A new study found that women's brains may convert sugar into energy at a higher rate than men's. Consequently, women's brains look younger than men's from a metabolic standpoint.
Glucose, a form of sugar, is the primary source of energy for cells in the human body. About half of all the sugar energy we ingest on a daily basis goes to the brain, the most energy-demanding organ in the body. Without glucose, critical brain functions such as thinking, memory, and learning would be disrupted. For instance, it's common for people with hypoglycemia (low blood sugar) to have poor attention and cognitive function.
The brain is most demanding for sugar when we are children, since it's a critical development period when new neurons grow and synaptic connections are established. The brain then tends to use less and less sugar as we progress from adolescence into adulthood and old age.
Intriguingly, researchers at Washington University found that adult women's brains appear to produce more energy than men, whether it's a young adult aged 20 or an elderly adult aged 80. The findings were made after researchers performed PET scans on 205 healthy individuals, which measured oxygen, glucose, and blood flow in the brain.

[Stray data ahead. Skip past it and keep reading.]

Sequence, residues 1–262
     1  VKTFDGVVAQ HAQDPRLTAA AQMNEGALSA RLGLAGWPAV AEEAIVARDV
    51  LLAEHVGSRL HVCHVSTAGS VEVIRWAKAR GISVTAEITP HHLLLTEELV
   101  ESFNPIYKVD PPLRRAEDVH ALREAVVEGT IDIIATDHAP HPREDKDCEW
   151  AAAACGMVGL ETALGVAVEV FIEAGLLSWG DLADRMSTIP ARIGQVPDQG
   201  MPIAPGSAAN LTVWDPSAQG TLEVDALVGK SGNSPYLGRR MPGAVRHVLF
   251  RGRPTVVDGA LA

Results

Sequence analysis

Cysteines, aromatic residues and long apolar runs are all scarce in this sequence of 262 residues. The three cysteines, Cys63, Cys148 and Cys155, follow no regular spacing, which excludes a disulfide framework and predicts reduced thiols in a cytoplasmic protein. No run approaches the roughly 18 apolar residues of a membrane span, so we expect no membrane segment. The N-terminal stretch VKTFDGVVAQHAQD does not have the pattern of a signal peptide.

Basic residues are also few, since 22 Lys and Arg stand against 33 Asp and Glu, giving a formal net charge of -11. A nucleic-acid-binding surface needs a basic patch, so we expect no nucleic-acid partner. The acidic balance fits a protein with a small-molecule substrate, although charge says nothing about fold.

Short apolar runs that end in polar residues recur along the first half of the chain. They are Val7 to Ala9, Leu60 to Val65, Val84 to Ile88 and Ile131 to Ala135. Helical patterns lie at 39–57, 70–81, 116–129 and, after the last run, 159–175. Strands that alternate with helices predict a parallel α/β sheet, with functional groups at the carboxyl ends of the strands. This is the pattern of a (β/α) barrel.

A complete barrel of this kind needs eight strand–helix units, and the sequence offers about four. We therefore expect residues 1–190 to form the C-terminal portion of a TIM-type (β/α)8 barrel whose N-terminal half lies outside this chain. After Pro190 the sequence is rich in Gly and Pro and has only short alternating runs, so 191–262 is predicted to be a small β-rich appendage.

Male brain scans were fed into a machine-learning algorithm as input. When the machine was instructed to guess the metabolic activity of women's brains, it tagged them an average of 3.8 years younger than they actually were. When women's brain scans were used to train the machine, the algorithm predicted that men's brains were 2.4 years metabolically older than they actually were.
Does this mean that women's brains age slower than men's? Not necessarily: these differences held across all age groups. Instead, the researchers claim that men's brains always convert less sugar to energy from early adulthood. It's not clear yet what mechanism might be involved but one hunch is that estrogen may help the brain form more synapses at a young age, which would explain why women require more energy later on.
"It's not that men's brains age faster," said senior author Manu Goyal, assistant professor of radiology at Washington University School of Medicine, St. Louis. "They start adulthood about three years older than women, and that persists throughout life," said Goyal.
Although this was a small study, the findings may explain why women tend to live longer and stay more mentally sharp at old age than men.
It "could mean that the reason women don't experience as much cognitive decline in later years is because their brains are effectively younger," Goyal told AFP.
The findings appeared in the Proceedings of the National Academy of Sciences.